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Rally against transphobia inspired by Dal student’s complaints

Almost 100 students attended last Thursday (Photo by Deborah Oomen)
Almost 100 students attended last Thursday (Photo by Deborah Oomen)

The words were right there on the cue cards she held, words she had redrafted time and time again to make them perfect, but Jessica Dempsey was still at a loss for what to say.

The silence would have been awkward, if not for her audience’s understanding.

The Dalhousie management student was the centre of attention last week at a nearly 90-minute rally against transphobia outside the Student Union Building (SUB) at Studley campus on Nov. 7.

Dempsey has generated considerable attention after a pair of media reports late last month, including in the Gazette, disclosed her allegations that she had been discriminated against on-campus because she is transgender.

After composing herself in front of nearly 100 supporters, Dempsey read her prepared speech. She said her decision to go public was not solely for herself.

“I am not going to hide anymore. I decided to take a very public stand for myself and many others, like me, who are not being heard,” she said.

Her allegations are directed at Aramark, the university’s food service contractor, after three separate incidents.

The first episode occurred this summer when she claims an Aramark employee refused to serve her food when Dempsey told the employee her female name. Dempsey previously frequented Shirreff Hall when she went by a typically male name.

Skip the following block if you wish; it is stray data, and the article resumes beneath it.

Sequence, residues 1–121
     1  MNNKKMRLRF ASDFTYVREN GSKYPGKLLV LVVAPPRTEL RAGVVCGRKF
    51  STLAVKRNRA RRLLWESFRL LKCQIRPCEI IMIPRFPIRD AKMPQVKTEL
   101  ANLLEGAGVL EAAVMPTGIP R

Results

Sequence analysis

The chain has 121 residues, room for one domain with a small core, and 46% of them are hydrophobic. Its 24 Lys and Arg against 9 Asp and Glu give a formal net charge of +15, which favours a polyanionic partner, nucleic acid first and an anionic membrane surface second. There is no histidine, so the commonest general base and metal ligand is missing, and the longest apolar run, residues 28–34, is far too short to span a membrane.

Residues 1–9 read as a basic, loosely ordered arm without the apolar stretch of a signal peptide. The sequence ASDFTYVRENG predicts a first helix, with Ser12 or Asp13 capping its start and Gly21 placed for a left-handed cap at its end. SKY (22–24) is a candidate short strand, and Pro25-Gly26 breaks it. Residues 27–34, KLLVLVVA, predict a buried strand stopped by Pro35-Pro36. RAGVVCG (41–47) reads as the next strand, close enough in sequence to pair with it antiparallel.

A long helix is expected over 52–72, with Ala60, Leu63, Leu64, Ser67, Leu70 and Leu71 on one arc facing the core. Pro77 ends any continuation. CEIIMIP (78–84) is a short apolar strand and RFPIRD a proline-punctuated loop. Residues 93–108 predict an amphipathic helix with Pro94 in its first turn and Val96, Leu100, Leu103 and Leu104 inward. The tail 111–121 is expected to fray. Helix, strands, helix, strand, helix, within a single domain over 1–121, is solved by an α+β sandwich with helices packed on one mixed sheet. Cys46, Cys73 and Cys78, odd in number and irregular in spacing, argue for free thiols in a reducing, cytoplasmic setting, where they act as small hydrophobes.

Dal’s Aramark employees took sensitivity training, but Dempsey believes it was not sufficient. Since then, a different employee called her by her former name and, most recently, another Aramark worker asked Dempsey if her breasts are real.

The outpouring of support since the media reports has been flattering, she said. Dempsey didn’t know this rally was being organized until she saw it on Facebook.

“When I got the message I was ecstatic, I wasn’t upset,” she said. “I was actually very touched that someone would make an event in my name.”

Dempsey filed her human rights complaint against Aramark on Nov 12.

Jude Ashburn, South House’s outreach coordinator, sent requests to various levels of Dal administration on behalf of the campus’ gender and resource centre to attend the rally. They read a letter from university president Richard Florizone, who sent his regrets and discussed several steps Dal has taken to make its campuses a safe and welcoming place.

The Gazette recognized Dal spokesperson Charles Crosby in the crowd for part of the protest.

Shaun Bartone, a new Dal sessional instructor in social work, has experienced some of the same trans discrimination Dempsey has felt.

He visited South House after hearing of Dempsey’s troubles because he wanted to help.

“I know how difficult this is. I know how hard it is,” he said after the rally, where he spoke and brandished a self-made sign. “We had to support Jessica.”

Correction: An earlier version of this story used the wrong pronoun in referral to Jude Ashburn. The online article has since been amended. The Gazette apologizes for the error and any confusion it may have caused.

Ian Froese
Ian Froese
Ian was the Gazette's Editor-in-chief for Volume 146. He was the Sports Editor for Volumes 145 and 144.

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